Active parental involvement in the education of their children is a theme found throughout Scripture. For example, parents are advised to “Train up a child in the way he should go; even when he is old he will not depart from it” (Prov. 22:6). The apostle Paul wrote, “Fathers, do not provoke your children to anger, but bring them up in the discipline and instruction of the Lord” (Eph. 6:4). Furthermore, the apostle John embodied the attitude all Christian parents and teachers ought to have when he wrote, “I have no greater joy than to hear that my children are walking in the truth” (3 John 1:4).

Whether parents choose to homeschool their children, enroll them in private school, or send them to public school, they have a responsibility to raise their children in the Lord and will be held accountable for how they steward the blessing of children (Jesus gives a sobering warning in Matthew 18:5-6). What are our children learning? More importantly, what kind of people are they becoming because of their education? What virtues are they learning to cherish and embody? These considerations are at the heart of discipling our children because what happens in the classroom does not stay in the classroom—it shapes hearts and minds. Christian parents must be active participants in their children’s education as an act of obedience to God and out of love for both God and their children.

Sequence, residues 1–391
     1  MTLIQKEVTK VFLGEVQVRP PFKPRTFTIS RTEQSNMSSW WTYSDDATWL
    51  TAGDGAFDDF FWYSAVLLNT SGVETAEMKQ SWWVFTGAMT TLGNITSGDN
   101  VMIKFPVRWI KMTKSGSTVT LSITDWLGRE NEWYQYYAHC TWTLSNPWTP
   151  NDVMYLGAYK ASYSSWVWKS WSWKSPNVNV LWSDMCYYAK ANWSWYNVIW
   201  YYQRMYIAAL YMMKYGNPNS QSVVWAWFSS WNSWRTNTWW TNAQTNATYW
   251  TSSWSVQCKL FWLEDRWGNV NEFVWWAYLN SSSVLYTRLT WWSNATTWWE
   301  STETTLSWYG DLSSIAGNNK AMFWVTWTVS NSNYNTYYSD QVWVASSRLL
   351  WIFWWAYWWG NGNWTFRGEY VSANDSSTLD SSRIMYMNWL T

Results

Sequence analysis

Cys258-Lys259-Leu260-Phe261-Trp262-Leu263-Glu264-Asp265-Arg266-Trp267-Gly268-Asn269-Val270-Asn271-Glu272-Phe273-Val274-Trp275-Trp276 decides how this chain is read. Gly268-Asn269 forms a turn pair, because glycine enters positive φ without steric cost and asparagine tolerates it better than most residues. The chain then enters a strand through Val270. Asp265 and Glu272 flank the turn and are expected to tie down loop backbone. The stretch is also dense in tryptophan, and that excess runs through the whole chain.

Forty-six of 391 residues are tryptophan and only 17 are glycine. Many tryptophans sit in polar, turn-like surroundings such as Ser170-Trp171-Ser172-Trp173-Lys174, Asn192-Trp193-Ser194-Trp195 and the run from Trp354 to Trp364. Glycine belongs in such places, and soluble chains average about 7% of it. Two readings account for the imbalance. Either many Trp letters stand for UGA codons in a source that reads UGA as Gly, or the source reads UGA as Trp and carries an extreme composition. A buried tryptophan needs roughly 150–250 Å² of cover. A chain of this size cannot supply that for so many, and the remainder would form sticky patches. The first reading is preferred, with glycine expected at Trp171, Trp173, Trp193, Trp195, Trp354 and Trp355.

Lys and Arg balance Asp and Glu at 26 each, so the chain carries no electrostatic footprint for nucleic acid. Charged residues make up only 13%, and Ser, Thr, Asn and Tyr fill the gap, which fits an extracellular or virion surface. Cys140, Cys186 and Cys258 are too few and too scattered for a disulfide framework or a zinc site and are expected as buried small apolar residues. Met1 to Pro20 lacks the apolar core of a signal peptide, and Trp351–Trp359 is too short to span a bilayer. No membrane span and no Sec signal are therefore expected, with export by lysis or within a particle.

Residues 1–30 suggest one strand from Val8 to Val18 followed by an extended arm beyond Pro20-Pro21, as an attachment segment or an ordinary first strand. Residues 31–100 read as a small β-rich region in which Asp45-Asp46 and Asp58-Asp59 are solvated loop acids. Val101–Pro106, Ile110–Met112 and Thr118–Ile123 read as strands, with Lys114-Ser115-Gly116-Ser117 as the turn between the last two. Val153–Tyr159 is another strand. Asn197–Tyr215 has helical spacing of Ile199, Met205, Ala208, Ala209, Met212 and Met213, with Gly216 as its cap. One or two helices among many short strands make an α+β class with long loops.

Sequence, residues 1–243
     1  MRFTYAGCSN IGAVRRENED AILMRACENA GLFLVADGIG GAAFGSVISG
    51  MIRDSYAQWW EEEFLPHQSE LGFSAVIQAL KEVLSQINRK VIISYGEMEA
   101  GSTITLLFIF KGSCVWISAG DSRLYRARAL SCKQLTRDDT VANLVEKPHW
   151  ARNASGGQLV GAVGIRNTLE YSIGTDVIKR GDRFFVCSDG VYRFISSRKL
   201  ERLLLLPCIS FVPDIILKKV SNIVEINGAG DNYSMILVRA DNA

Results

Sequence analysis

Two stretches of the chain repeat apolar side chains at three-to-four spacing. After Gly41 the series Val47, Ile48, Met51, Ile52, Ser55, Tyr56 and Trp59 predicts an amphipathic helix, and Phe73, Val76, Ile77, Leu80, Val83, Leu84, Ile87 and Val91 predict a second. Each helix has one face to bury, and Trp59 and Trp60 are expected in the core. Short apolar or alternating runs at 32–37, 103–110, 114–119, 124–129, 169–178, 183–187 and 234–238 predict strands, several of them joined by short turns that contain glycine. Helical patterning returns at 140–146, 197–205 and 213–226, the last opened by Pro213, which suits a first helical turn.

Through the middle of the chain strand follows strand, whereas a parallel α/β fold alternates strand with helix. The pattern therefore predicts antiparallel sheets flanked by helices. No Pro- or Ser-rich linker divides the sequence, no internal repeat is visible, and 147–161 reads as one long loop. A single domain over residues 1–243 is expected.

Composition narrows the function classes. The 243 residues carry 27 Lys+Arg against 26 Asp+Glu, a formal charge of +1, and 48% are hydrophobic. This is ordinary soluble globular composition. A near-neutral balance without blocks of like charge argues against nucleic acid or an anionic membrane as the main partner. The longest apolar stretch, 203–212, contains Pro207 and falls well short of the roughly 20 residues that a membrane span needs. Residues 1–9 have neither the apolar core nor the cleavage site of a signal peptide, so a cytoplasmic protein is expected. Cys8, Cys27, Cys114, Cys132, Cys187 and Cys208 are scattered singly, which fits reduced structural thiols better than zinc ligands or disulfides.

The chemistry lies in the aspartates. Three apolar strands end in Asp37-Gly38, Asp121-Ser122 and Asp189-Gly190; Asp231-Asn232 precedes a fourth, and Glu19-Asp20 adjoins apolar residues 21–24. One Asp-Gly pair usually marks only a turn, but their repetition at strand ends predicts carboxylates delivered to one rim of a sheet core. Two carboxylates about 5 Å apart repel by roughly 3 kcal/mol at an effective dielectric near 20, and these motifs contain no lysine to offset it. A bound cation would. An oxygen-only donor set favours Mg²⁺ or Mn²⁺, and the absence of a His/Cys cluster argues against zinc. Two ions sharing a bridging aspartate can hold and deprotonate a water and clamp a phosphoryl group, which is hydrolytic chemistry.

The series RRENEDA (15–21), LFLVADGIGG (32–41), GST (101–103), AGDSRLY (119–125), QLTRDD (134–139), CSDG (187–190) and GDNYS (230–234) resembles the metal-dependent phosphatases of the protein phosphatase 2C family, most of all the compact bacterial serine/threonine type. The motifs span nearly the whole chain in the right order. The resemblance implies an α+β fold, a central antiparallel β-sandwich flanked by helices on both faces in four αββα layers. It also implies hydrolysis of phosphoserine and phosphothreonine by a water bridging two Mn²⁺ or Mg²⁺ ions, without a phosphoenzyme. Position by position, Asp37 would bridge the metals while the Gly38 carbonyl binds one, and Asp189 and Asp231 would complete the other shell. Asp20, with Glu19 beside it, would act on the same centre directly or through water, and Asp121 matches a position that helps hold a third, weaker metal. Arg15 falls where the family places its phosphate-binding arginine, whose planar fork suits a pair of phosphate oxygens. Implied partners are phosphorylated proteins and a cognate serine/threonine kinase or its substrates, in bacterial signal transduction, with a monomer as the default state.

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State Round-Up: Protecting Unborn Children from Discriminatory Abortions

by Chantel Hoyt

July 15, 2021

Editor’s note: This is part of an ongoing series about key provisions that states have advanced in 2021 to defend the family and human dignity.

Modern medical technology can detect genetic characteristics and diagnose many disabilities in the womb. Unfortunately, these scientific advancements have increased the potential for abortions that are motivated by bias against an unborn child’s race, sex, ethnicity, national origin, and/or disability.

Babies who are prenatally diagnosed with a disability may be the most common victims of discriminatory abortions. An international study found that 63 percent of babies prenatally diagnosed with spina bifida and 83 percent of babies prenatally diagnosed with anencephaly are aborted. Another study revealed that an estimated 67 percent of women in the United States who receive a prenatal diagnosis of Down syndrome choose abortion. In Denmark, more than 95 percent of mothers who receive a prenatal Down syndrome diagnosis choose to abort their child, and in 2019, 15 years after screening became universally available, only 18 babies with Down syndrome were born in the whole country.